They mean it isn’t a standard word used by educated speakers or writers of a language.
This entire post is rather stupidly built on this equivocation.
“Clickbait” works for me, as does “card reader”— if you recall “do not bend, fold, spindle, or mutilate.” The rest of them I shall leave to others, “disirregardless” of the OED’s stance.
There are (at least) two ways to express this thought (and I know of no proscription against the form I used above).
1. “. . . we must be open to not only slang like freemium and slacktivist but more potentially grating terms like . . .”
I did err in omitting also from the grammatical equation after but. However, because to precedes the “not only . . . but also” comparison, it need not be repeated in this construction.
2. “. . . we must be open not only to slang like freemium and slacktivist but also to more potentially grating terms like . . .”
Here, to follows “not only,” so, to produce parallel grammatical structure, a repetition of the word should follow “but also,” as you mention.
Another option is “. . . we must not only be open to slang like freemium and slacktivist; we must also be receptive to more potentially grating terms like . . .”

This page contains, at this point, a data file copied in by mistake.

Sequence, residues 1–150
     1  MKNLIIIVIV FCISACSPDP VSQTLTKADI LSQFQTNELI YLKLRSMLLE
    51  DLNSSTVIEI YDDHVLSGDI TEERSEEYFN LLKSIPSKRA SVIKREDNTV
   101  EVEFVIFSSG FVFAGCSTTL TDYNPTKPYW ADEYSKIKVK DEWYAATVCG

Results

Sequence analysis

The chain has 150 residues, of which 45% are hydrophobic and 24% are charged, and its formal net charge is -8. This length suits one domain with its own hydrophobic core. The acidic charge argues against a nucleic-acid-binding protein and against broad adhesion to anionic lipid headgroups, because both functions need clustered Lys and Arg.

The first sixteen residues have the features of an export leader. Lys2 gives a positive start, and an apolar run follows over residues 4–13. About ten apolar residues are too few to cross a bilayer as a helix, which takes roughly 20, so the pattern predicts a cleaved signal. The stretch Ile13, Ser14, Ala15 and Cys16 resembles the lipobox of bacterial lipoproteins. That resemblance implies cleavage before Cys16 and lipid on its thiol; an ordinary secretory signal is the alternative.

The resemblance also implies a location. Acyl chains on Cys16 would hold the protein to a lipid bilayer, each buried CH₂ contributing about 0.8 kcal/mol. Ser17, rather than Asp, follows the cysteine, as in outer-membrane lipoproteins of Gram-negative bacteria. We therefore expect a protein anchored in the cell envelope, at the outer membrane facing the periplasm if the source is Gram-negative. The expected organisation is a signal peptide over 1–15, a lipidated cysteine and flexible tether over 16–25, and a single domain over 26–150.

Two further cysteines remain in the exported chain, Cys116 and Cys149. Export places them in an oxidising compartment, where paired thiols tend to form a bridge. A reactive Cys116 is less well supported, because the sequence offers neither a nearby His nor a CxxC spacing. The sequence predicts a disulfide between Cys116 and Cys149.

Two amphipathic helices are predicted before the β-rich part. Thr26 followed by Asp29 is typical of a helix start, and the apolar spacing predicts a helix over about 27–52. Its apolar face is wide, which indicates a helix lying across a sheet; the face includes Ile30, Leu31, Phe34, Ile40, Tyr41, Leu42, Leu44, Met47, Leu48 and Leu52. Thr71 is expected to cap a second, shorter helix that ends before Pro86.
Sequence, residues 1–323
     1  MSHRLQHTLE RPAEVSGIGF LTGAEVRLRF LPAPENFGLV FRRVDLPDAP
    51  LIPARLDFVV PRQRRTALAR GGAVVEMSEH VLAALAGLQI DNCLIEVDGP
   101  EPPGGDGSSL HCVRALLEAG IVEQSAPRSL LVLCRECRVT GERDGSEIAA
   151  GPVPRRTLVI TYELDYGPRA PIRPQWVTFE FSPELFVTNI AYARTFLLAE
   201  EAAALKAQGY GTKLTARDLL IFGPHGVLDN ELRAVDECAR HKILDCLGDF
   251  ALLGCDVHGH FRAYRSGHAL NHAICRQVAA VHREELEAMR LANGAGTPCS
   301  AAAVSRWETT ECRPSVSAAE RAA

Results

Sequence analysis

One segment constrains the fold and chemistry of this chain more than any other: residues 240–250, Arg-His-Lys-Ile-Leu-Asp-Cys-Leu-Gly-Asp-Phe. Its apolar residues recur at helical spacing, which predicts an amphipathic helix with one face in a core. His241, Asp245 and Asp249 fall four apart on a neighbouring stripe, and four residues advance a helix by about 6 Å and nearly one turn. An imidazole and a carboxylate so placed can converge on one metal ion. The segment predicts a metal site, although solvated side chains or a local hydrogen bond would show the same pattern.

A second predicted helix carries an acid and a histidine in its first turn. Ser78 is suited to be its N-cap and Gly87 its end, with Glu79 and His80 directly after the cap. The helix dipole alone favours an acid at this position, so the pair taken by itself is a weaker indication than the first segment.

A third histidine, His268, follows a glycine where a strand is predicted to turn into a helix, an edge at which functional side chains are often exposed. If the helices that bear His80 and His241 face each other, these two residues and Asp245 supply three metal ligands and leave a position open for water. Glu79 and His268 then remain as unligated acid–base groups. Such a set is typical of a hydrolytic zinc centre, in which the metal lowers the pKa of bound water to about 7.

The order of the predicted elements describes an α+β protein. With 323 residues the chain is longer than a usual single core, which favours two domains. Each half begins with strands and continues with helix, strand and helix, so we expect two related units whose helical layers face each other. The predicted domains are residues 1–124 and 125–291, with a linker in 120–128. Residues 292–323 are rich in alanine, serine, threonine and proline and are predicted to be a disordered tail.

This version, however, requires a more complex sentence construction.
You wrote: “… we must be open to not only slang like freemium and slacktivist but more potentially grating terms like …”
I find two problems with the way this was expressed. First, I was taught that the construction “to not only” is incorrect, the proper form being “not only to.” Also, you failed to follow through by using “but to” to complete the construction. I would have written “… we must be open not only to slang … but to grating terms like …”
I am wondering if these are oversights (or sloppiness?) on your part or whether there is justification for this style of writing.
I would particularly like to see an article on “to not” as opposed to “not to” where followed by a verb. I have noticed a lot of “to nots” where I would expect to see “not tos.” After all, Shakespeare wrote “To be or not to be …” NOT “To be or to not be …”
Thanks for putting up with this perhaps nitpicking argument.
Dale A. Wood
Such neologisms should be sent to swim with the sharks – their just fate.
The power of the English language is its ability to constantly change and evolve. The language grows from its use and usefulness.
Re. the slangy thing: what about ‘facepalm’ which is fairly obvious but an interesting one which I have only heard one person I know use, but which is rather nice: ‘Trustafarian’ which describes someone whose occupation is uncertain but seemingly has unlimited funds – possibly supported by a trust, e.g. “I’ve known Chris for over 30 years and still don’t know what he does. I suspect he might be a trustafarian.”